"The circumstances of police shootings in Malaysia indicate that the police do not try to apprehend suspects alive but shoot with the intention to kill," Yap tells The Nut Graph in an e-mail interview. "In virtually all cases of shooting deaths, the police claim that the suspects were armed and dangerous, that the suspects shot first, and that return fire was necessary."

"Of course, police say they shoot in self-defence...But there are instances where it is difficult to justify their actions. Shooting is something that should be avoided," Malaysian Human Rights Commission (Suhakam) commissioner Datuk Siva Subramaniam tells The Nut Graph in a phone interview.

Senior lawyer and former Bar Council president Raja Aziz Addruse says that proper justification must be given for the taking of a life. "Just to say, 'Because they were shooting at me,' is insufficient," he says. "In many of these cases, there's always a gun found in the car. It's just too coincidental. Very often, all the people allegedly involved are killed."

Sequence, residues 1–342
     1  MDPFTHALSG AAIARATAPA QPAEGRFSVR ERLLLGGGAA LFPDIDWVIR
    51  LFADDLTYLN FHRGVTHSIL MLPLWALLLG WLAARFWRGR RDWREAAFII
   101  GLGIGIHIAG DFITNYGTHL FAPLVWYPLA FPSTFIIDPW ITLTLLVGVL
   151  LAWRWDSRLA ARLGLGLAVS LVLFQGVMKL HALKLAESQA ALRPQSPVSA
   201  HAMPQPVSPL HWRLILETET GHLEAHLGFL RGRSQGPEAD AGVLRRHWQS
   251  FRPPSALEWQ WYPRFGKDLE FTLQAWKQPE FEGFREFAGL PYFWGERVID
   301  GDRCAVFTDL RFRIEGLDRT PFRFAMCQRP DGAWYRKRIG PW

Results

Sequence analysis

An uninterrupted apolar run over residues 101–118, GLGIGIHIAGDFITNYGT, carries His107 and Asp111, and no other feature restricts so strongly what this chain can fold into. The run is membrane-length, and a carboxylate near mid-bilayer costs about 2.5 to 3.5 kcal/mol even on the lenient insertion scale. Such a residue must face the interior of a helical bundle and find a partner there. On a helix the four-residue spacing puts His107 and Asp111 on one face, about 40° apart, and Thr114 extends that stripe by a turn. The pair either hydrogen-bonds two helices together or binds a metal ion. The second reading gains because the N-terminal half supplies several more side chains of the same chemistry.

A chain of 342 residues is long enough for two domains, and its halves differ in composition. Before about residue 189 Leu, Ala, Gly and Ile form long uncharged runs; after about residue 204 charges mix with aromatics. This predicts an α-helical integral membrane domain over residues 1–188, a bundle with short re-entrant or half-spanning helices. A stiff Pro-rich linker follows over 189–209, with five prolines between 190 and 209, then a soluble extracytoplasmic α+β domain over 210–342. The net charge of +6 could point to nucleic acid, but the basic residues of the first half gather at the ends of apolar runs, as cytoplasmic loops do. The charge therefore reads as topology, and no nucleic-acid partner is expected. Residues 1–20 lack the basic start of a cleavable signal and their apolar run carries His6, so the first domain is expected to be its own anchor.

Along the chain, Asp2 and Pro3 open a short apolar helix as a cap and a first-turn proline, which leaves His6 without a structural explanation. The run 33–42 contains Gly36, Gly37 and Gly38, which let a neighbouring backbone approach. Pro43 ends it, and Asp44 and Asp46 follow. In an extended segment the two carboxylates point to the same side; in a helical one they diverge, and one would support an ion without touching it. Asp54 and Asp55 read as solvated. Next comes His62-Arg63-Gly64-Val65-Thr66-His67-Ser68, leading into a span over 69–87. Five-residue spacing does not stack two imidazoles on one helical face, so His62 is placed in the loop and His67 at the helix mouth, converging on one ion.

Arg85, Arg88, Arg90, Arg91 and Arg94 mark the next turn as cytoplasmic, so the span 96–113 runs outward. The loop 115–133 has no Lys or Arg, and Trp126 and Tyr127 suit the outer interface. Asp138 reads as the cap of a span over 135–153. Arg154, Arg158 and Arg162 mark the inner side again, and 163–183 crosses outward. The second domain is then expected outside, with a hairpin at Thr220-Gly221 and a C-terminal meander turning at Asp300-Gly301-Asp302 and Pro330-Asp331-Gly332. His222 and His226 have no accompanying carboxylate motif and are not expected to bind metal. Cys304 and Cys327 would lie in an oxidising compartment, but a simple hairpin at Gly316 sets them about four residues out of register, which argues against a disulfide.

Siva Subramaniam
"Police must justify how they use their firearms," Raja Aziz says. "It doesn't mean that in all these cases, they have to shoot to kill."

Yap says that even if the claims of armed suspects are true, the police could consider other means of neutralising suspects, such as by using stun guns, tranquiliser shots or tear gas that are not lethal. "In the limited circumstances where shootings are warranted by law, suspects could be shot in the legs or arms and captured alive," Yap adds.

"Whatever it is, a shoot-to-kill policy is against human rights," says Siva. "The right to life is one of the basic rights which we should have to ensure."


Yap says that if suspects are shot dead by police, inquests must be held within a month to determine whether the police made any efforts to apprehend suspects alive. In the long run, a coroner's court should be set up to investigate all deaths involving the police.

"Where killings are found to be avoidable, the police must be held accountable for their action," Yap says.

Raja Aziz also cites the need for an independent tribunal to look into police shootings. "In other countries, an independent inquiry would be held to find out what happened," he says. "For example, in the UK, an inquiry was held in the case of the shooting of Jean Charles de Menezes." The inquiry eventually found the Met police force guilty of endangering public safety, and it was penalised for shooting de Menezes dead.